Eovia Carrara 4 Standard/Pro review

Price when reviewed

3D modelling is a complex and expensive field, and often seems completely impenetrable for anyone who isn’t already in the know. And that’s exactly where Carrara comes in, offering a product aimed at those starting off in 3D design – as well as the majority of us who have to work within limited budgets.

Eovia Carrara 4 Standard/Pro review

Not that this means Carrara is a cut-down application. Carrara has a pedigree stretching right back to the beginning of PC-based 3D, as the program was created from the merger of pioneers Ray Dream Studio and Infini-D. The downside is an idiosyncratic interface built on separate rooms for assembling, modelling, animating, texturing and rendering. The plus side is an amazing amount of power that includes a wide range of primitives, hands-on vertex, spline and metaball-based modelling, tree-based shader handling, IK (inverse kinematics) based character animation, built-in dynamics and photorealistic raytraced rendering complete with global illumination and caustics support. Carrara even tackles the task that most other 3D modellers shy away from – the natural modelling of realistic scenes with dedicated handling of terrains, trees, clouds, environments and so on.

The modelling power is undeniable but there’s still plenty that could be done to make the process more user-friendly. Carrara 4 takes two small but welcome steps with its new onscreen manipulators that help position, scale and rotate objects either freely or along a single axis, and the new ability to use nudge keys. Just as essential, and opening up whole new areas, is the new support for alpha handling in the Texture room enabling the creation of masked shaders and varying transparency. You can also now apply shaders to groups and quickly transform cylindrical, spherical and flat-mapping shaders.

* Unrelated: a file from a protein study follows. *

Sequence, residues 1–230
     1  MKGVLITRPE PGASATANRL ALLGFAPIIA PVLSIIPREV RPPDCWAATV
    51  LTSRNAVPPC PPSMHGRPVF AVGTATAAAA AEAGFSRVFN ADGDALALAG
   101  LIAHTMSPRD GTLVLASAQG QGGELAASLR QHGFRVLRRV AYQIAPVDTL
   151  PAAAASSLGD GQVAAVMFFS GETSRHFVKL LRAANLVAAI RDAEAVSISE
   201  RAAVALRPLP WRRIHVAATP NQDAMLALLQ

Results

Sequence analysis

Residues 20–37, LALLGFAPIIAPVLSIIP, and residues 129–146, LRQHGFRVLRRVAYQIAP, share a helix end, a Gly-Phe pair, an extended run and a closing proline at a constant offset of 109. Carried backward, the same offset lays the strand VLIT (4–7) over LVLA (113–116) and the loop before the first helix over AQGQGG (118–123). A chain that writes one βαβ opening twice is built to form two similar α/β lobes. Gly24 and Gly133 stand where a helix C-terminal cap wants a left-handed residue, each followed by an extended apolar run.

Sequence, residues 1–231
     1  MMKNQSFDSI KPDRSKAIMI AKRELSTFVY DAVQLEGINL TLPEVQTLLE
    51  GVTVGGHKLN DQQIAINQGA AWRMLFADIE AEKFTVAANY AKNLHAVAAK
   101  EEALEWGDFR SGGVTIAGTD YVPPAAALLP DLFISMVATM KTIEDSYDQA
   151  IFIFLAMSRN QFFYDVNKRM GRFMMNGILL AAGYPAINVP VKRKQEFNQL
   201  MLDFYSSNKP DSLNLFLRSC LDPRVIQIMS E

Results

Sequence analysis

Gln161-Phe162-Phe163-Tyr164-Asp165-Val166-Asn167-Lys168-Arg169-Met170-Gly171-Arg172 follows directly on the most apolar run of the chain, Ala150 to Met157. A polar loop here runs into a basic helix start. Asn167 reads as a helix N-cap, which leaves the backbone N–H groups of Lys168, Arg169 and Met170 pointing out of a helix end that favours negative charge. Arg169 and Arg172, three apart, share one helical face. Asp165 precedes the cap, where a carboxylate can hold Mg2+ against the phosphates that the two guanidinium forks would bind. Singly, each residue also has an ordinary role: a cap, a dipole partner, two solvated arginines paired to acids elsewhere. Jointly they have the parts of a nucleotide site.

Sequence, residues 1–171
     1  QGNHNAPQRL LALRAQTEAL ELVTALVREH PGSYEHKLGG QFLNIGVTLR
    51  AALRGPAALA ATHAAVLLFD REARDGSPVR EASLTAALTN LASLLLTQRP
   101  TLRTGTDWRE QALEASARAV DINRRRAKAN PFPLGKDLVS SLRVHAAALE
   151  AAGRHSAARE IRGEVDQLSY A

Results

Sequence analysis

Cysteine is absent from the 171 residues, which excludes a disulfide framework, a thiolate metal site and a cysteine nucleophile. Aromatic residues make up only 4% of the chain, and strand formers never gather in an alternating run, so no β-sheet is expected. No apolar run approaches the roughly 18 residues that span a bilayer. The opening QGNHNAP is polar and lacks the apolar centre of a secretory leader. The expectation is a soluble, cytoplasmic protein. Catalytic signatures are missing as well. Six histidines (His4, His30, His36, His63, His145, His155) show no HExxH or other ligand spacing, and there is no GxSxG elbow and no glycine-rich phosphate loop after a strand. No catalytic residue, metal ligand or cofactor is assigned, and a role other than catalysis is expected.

These shader transforms are particularly handy for animation – a major focus in this latest release. Improvements have been made both to the Timeline’s keyframe editing and to motion path handling (these can now be moved as a whole). The biggest changes are to character animation, where the new support for multiple morph targets per mesh lets you make characters talk and emote, while an overhaul of the bones system, with new IK Chain Tool, IK Target Helper and Ball Socket constraint, help you bring your figures to realistic life. Poser users can also take advantage of the new TransPoser plug-in (£89) to import their models and animations.

Many of the biggest advances in Carrara 4 come from the great improvements to the already impressive terrain and environment handling. Terrains are handled as special objects based on an underlying bitmap, which can now be up to 8,192 x 8,192 pixels in size. These can be imported, based on presets, created with generators and filters or painted directly complete with new real-time 3D feedback. What really makes the difference though is the new multilayer Terrain shader that lets you control advanced texturing, such as the distribution of snow, based on factors of altitude and slope. You can also create more realistic skies in which to set your landscapes, thanks to greatly improved physical simulations of clouds, haze, fog and the sky itself, which is now coloured according to the sun – based on time or position.

The results are impressive and verge on the photorealistic quality of scenes produced by dedicated natural modellers, such as Vue. But not quite. While the scenes are impressive, they look more obviously computer generated, especially when it comes to vegetation. And that’s generally the case with Carrara: you do eventually hit a ceiling on what you can achieve. For the price, that’s not surprising, but it’s important to recognise that while the program is great for producing an introduction to a corporate video, you’re not going to produce a Hollywood movie with it.

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